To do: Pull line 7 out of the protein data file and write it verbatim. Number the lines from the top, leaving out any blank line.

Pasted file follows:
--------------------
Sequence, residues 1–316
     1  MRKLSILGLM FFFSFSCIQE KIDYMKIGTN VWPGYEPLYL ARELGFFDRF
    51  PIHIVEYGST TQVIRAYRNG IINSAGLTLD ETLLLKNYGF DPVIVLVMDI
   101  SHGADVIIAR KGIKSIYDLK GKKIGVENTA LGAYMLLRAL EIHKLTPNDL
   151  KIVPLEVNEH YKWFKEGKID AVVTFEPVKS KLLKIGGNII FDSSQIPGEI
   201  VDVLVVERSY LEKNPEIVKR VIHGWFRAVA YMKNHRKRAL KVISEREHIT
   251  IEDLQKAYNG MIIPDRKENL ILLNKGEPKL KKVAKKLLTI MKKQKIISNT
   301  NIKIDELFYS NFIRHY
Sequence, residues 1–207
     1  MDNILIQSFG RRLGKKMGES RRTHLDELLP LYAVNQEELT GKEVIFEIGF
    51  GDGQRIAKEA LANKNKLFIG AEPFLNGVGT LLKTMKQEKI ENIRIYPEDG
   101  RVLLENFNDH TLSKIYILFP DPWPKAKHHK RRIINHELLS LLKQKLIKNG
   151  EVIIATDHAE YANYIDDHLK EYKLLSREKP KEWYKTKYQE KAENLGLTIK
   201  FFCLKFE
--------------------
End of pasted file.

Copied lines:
   251  IEDLQKAYNG MIIPDRKENL ILLNKGEPKL KKVAKKLLTI MKKQKIISNT